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  • 29


     
    The Birth Dearth In The West
    Report; Posted on: 2007-08-28 09:01:48 [ Printer friendly / Instant flyer ]
    by Baron Bodissey

    A lot is written these days about declining birthrates in Western countries and Japan. The most frequent statistic cited is the number of live births per woman in a population: in order for the population to replace itself and remain stable, that number must be about 2.1.

    Obviously there are many factors that could complicate the calculation of this “replacement number”. An increase in war and pestilence would tend to raise it, since more births would be necessary in order to make up for an increased death rate. In the opposite direction, improved medical care and decades of peace would tend to reduce the replacement number.

    But what governs the increase or decrease in a country’s population in any given year is the number of births compared with the number of deaths.

    This morning I stumbled upon a table at Infoplease which shows the birth and death rates per 1,000 population for various countries, most of them European. To determine the rate of increase or decrease, I used the following method to calculate a ratio between the population at the beginning of the year and that at the end:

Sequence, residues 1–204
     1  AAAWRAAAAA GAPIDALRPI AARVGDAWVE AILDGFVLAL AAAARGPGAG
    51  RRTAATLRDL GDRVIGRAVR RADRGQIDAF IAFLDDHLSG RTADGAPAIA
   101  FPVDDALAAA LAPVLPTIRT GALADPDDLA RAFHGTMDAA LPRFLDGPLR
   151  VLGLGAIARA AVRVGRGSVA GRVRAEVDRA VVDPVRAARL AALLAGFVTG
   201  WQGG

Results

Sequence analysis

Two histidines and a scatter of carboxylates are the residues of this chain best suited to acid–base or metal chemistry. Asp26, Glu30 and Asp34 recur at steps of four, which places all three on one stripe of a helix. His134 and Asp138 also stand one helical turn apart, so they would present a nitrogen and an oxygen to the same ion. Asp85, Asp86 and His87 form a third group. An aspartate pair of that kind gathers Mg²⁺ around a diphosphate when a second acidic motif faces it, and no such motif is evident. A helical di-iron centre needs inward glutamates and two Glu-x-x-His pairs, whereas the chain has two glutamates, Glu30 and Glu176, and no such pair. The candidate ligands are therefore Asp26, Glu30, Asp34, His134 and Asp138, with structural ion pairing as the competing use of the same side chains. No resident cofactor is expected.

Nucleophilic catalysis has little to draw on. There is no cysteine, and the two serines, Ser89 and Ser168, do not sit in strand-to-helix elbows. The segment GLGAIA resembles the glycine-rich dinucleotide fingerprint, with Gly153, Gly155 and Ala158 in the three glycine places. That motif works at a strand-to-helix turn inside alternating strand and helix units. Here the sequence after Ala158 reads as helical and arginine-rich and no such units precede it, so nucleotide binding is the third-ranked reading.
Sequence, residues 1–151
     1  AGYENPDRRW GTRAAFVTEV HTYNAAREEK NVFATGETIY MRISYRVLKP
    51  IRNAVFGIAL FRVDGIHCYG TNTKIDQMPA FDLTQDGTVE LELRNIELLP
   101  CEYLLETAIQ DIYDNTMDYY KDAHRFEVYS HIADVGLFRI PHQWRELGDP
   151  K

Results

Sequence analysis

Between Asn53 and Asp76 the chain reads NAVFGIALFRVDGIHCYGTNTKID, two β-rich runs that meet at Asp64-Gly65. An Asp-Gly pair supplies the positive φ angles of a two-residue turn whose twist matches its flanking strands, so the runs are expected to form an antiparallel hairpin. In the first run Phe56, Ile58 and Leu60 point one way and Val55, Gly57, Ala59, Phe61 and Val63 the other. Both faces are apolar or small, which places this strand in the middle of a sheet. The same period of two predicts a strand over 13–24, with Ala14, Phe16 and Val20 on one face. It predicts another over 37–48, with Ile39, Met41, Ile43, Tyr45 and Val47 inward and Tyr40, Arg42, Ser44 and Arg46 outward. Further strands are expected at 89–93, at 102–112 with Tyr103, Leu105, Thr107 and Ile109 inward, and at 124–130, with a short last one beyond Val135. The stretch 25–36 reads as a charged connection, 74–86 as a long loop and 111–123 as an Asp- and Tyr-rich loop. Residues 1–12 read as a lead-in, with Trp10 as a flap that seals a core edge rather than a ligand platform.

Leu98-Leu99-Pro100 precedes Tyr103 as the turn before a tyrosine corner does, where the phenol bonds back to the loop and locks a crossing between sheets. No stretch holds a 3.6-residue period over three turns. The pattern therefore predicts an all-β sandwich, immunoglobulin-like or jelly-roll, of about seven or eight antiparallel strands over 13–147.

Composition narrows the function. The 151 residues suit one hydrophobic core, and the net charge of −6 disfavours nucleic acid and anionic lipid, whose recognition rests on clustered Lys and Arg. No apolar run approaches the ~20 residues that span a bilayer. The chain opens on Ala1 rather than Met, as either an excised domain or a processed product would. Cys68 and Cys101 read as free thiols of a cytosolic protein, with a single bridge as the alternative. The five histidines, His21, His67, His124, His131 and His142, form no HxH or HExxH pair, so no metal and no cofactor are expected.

(Start population of 1,000 + number of births - number of deaths) ÷ 1000, then subtract 1.

    A positive ratio indicates that the population is increasing, and a negative one that it is decreasing.

    For example, for Australia in 1975 the birth rate was 16.9 per 1,000, and the death rate was 7.9 per 1,000, yielding the following calculations:
    1000 + 16.9 — 7.9 = 1009
    1009 ÷ 1000 = 1.009
    Subtract 1 and you have a ratio of .009, which is the rate of increase.

    In contrast, consider Japan in 2007, with 9.2 and 9.4 respectively:
    1000 + 9.2 — 9.4 = 999.8
    999.8/1000 = .9998
    Subtract 1 and you have a ratio of -.0002, which is a slight decrease in population.

    Using these methods I built a trend for each country. This is example is for Australia:

    Year Births Deaths Ratio
    1975 16.9 7.9 0.0090
    1980 15.3 7.4 0.0079
    1985 15.7 7.5 0.0082
    1990 15.4 7.0 0.0084
    2005 12.3 7.4 0.0049
    2006 12.1 7.5 0.0046
    2007 12.0 7.6 0.0044

    The table of ratios for fifteen countries is below (Denmark, Sweden, and other countries of interest were not in the Infoplease table, unfortunately):

    Country 1975 1980 1985 1990 2005 2006 2007
    Australia .0090 .0079 .0082 .0084 .0049 .0046 .004
    Austria -.0003 -.0002 -.0003 .0010 -.0009 -.0011 -.0011
    Belgium .0000 .0011 .0003 .0020 .0003 .0001 .0000
    France .0035 .0046 .0038 .0042 .0031 .0029 .0027
    Germany -.0024 -.0016 -.0019 .0002 -.0023 -.0023 -.0025
    Greece .0068 .0063 .0023 .0009 -.0005 -.0005 -.0007
    Ireland .0109 .0122 .0082 .0060 .0067 .0067 .0066
    Israel .0211 .0174 .0169 .0160 .0120 .0118 .0115
    Italy .0049 .0015 .0006 .0004 -.0014 -.0017 -.0020
    Japan .0108 .0075 .0057 .0032 .0005 .0002 -.0002
    Netherl. .0047 .0047 .0038 .0047 .0024 .0022 .0020
    Norway .0042 .0024 .0016 .0036 .0022 .0021 .0019
    Switzerl. .0036 .0021 .0024 .0030 .0013 .0012 .0012
    UK .0006 .0017 .0015 .0027 .0006 .0006 .0006
    USA .0051 .0073 .0070 .0081 .0059 .0058 .0059

    Full Article
    News Source: GlobalPolitician.com

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